Is Racket Head Speed the Problem Here?
In my recent article on FACE IT, I used my extensive catalog of professional forehands to show how leverage is established on contact with the ball. By establishing a hitting structure, by turning the hips and torso and hitting structure into the ball, and by pulling the arm forward in front of the body, professional players meet the ball in an ideal position where the hand, arm structure, and shoulder are all powerfully positioned behind the ball at contact.
Imagine pushing a heavy object - like a door or a barrel of water - and imagine what it would be like to push that object with your arm at your side. Now imagine would it would feel like to push it with your hand and arm well in front of your body. Just by changing this position of contact, the amount of force you can apply changes dramatically due to leverage.
With leverage on your forehand, you essentially create a leveraged wall of your arm and racket behind the ball so that the ball can compress into the string bed and then spring back out. As the ball starts to spring back, these players push the entire arm from the shoulder forward as they also lift upward and rotate the wrist/hand/forearm for topspin. When you hear the distinct deep loud pop as pro players hit the ball, this sound comes largely from having the arm and shoulder positioned behind the ball at a position of maximum leverage
All Speed, No Leverage
I saw a recent instructional video from Topspeed Tennis, that highlighted the player in blue (top right animation). The instructor, Clay Ballard, used this player's forehand as example of not "snapping the cap". And his conclusion was that by not snapping the cap, this player was losing racket head speed and was at risk for tennis elbow. Now when I watch this stroke I clearly see the stretch shortening cycle happening. The problem is that it happens so early in the stroke that the racket head speed actually hijacks the stroke and ends up causing the elbow to break which leads to a very late contact point too close to his body.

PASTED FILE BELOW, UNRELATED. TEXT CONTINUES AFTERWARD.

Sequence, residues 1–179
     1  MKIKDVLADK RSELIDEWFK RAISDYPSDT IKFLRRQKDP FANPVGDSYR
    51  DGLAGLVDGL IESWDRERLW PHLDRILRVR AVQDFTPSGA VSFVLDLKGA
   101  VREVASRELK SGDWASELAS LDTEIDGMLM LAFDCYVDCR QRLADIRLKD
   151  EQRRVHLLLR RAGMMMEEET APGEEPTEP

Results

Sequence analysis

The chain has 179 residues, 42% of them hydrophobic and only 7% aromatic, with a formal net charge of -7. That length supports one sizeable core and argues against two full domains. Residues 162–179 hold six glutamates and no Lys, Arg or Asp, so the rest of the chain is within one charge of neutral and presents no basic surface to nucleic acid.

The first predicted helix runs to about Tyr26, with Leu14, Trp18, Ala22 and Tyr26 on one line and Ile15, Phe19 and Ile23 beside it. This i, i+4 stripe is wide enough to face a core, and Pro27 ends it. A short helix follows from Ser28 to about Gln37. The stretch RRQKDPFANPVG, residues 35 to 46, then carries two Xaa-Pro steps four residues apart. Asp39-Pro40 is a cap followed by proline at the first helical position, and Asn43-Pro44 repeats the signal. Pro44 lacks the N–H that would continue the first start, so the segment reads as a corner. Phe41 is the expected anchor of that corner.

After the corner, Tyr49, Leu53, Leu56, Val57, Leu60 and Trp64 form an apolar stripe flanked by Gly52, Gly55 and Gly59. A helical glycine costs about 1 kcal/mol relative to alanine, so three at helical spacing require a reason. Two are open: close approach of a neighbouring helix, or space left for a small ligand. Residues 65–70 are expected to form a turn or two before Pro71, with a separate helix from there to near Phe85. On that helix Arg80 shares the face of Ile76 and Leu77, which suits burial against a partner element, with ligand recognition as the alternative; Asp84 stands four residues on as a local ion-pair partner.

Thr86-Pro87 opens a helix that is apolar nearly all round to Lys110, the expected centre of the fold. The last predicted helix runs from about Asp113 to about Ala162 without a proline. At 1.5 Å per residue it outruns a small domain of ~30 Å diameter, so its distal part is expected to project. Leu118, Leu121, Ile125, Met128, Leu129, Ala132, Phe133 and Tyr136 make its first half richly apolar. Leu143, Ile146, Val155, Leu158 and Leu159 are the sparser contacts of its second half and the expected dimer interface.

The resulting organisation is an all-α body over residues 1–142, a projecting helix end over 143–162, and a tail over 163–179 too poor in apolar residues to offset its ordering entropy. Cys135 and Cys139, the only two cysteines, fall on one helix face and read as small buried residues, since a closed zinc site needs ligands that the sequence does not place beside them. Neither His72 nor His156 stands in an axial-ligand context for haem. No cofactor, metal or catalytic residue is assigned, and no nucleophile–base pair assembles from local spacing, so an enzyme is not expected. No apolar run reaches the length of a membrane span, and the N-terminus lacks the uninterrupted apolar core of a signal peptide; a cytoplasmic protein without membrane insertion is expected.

Clay does one of the best jobs I've seen of explaining how the stretch shortening cycle works - and I've learned a good deal from his explanations - but his hyper focus on this one element reminds me of Abraham Maslow's phrase "if all you have is a hammer, the whole world looks like a nail". In other words, Clay is so focused on this one piece that he is missing the much larger context within which the wrist action needs to happen. And by telling this player he needs to "snap the cap" (which he already does), he is leading down the wrong path.
The huge problem with this player's forehand is that he is not pulling his arm in front of his body plane. Instead of pulling his arm forward like the pro players, his arm breaks at the elbow coming into contact. Pro players NEVER alter the angle of the elbow as they pull forward to contact. And from my experience, this breaking of the elbow coming into contact is a problem I see over and over again with club level players. It's an absolute stroke killer for four reasons. First, by breaking at the elbow coming into contact, the lever that is created from the shoulder, through the arm, and to the hand, get's broken. Any force you could apply from your shoulder, through your arm, and to the hand and racket, gets lost completely. It would be like trying to use a pole as a lever and having it break in half.
The second problem with breaking at the elbow is that it results in a steep upward motion of the forearm and racket. You can't move through the ball at all because the bending elbow is directing everything upward, not through the ball. So it's a very weak movement from the elbow to the hand in an upward direction - like curling a barbell.
The third problem with breaking at the elbow before contact is that it will cause the racket to come in close to the body. You can see how the student is hitting the ball right at his side. There is no spacing between his body and contact point.